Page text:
While, the world is trying to make education an important part of the peace-building process and is utilising learning as an equaliser, in India, with the coming of the NDA regime, following a historic win, education is being ‘Modi’-fied and unsurprisingly, we’re being sent thousands of years back. According to Professor Y Sudershan Rao, the head of the Indian Council of Historical Research (I.C.H.R.), Indians were flying aeroplanes, carrying out stem cell research and may even have been using cosmic weapons 5,000 years ago. The BJP government appointed Rao to the prestigious academic post soon after their win, as one of their first attempts to push Hindu values and mythology into the school curriculum, at the cost of academic quality and also against concerns of demolishing the secular nature of our country. "We have so many proofs that these events happened," Rao, 69, said in an interview, describing events in the Mahabharata and the Ramayana, the ancient Hindu epics about love and war, truth and deceit, that feature characters using inextinguishable fire and weapons with the destructive power of a nuclear arsenal. These views have found support from PM Narendra Modi also, making him the first Prime Minister to believe that, holy texts show that many discoveries of the modern world had been made by ancient Indians. Fellow historians are horrified by the views of Prof. Rao and are worried about the future of the I.C.H.R. set up four decades ago to guide research and hand out grants. Two states run by the ruling Bharatiya Janata Party have recruited controversial Hindu nationalist Dinanath Batra to advise on writing textbooks. In June, thousands of schools in Gujarat were given textbooks by Batra that claimed cars were invented in ancient India and told children to draw an enlarged nation to include countries including Pakistan, Bangladesh and Afghanistan.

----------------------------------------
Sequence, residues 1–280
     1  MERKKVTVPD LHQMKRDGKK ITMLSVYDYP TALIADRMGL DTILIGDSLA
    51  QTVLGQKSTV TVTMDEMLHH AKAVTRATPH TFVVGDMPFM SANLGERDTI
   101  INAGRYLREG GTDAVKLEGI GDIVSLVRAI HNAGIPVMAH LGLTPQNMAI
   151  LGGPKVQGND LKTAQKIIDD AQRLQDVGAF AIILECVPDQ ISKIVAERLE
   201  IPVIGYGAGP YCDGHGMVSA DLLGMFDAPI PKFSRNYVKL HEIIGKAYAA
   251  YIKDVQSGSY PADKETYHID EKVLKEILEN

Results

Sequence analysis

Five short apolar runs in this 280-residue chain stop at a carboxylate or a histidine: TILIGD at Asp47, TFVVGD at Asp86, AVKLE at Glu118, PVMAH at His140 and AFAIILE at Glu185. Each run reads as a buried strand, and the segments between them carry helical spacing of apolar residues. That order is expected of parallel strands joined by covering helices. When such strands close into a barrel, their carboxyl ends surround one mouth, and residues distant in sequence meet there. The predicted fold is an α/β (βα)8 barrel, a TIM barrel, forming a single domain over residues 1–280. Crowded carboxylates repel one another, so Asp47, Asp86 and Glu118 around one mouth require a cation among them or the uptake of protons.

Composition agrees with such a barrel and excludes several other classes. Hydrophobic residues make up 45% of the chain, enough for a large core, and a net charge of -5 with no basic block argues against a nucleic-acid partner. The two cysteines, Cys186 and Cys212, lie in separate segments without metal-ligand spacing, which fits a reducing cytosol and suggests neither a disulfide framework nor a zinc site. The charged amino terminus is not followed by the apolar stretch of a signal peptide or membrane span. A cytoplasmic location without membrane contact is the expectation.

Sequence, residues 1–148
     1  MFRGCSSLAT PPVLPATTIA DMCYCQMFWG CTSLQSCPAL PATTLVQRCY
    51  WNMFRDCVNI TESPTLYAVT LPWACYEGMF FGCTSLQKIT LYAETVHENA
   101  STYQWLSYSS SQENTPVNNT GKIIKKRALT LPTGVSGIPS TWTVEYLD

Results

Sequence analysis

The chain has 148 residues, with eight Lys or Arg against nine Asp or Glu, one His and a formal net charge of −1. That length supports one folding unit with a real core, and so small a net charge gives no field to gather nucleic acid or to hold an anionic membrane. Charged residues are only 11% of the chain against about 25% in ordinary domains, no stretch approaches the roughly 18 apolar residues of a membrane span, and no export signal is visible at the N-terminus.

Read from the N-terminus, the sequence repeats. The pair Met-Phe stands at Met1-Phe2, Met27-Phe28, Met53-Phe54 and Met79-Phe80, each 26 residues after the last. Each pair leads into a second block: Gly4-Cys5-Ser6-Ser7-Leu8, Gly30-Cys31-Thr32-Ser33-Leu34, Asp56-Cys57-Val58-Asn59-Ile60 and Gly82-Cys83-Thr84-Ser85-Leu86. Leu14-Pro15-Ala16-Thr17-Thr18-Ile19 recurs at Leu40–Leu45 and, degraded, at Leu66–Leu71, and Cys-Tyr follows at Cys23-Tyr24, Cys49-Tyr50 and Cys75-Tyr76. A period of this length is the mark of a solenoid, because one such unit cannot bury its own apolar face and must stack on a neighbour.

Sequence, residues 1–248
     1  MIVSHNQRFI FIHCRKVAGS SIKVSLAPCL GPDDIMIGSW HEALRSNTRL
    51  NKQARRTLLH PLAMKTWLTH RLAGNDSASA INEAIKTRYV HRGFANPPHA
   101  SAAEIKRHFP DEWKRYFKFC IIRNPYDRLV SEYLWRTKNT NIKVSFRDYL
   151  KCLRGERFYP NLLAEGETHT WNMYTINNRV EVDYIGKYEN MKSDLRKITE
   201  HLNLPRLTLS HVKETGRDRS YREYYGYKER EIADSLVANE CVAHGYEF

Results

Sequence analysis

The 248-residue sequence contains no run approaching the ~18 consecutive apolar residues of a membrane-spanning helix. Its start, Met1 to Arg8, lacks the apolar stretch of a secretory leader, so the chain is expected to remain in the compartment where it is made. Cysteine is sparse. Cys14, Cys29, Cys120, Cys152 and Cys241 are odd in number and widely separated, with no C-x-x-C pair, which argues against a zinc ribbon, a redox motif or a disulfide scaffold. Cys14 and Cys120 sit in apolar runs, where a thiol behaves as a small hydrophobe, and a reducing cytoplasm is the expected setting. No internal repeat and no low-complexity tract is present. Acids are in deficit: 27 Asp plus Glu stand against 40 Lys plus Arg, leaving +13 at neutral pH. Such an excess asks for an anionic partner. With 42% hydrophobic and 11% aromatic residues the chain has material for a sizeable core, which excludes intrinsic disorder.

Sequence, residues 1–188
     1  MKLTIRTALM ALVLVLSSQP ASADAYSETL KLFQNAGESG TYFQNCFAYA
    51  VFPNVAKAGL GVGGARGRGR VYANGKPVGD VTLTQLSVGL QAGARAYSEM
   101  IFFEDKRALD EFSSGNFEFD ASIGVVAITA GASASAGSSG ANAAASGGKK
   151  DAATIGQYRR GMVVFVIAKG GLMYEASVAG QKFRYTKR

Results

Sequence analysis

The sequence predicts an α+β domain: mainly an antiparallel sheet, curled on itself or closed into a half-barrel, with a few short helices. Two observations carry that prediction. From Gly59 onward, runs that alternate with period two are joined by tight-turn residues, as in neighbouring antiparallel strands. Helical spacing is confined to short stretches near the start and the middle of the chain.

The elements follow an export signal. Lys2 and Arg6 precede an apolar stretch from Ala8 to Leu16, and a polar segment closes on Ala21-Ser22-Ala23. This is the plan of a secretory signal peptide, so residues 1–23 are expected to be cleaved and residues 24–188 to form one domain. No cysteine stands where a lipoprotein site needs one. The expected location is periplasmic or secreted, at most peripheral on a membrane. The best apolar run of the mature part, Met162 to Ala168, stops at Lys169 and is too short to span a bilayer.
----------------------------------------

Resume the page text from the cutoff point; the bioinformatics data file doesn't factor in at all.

To bring back focus further closer to home, since the Saradha chitgate scam came into public view in 2013, in the state, numerous small investors and small chit-fund owners committed suicide and many are on the run from angered investors. Chandana Mondal, a tea stall owner, sold all her land for Rs 3 lakh and invested the money with Saradha Group, to provide for her physically challenged elder son. Her younger son even invested his daily tiffin allowance of Rs 10 in a recurring Saradha scheme. All that money is now gone. With no relief from the government, the family struggles to make ends meet. In another incident, a chit fund company owner Ajit Seal, 50, had committed suicide, he used to run a chit fund in the name of his daughter "Aparupa" and had as many as 156 offices across the districts and outside as well. The police had got a suicide note where Seal had written that he was forced to commit suicide as he would not be able to return money to his investors given, the condition of his business after the Saradha scam went bust.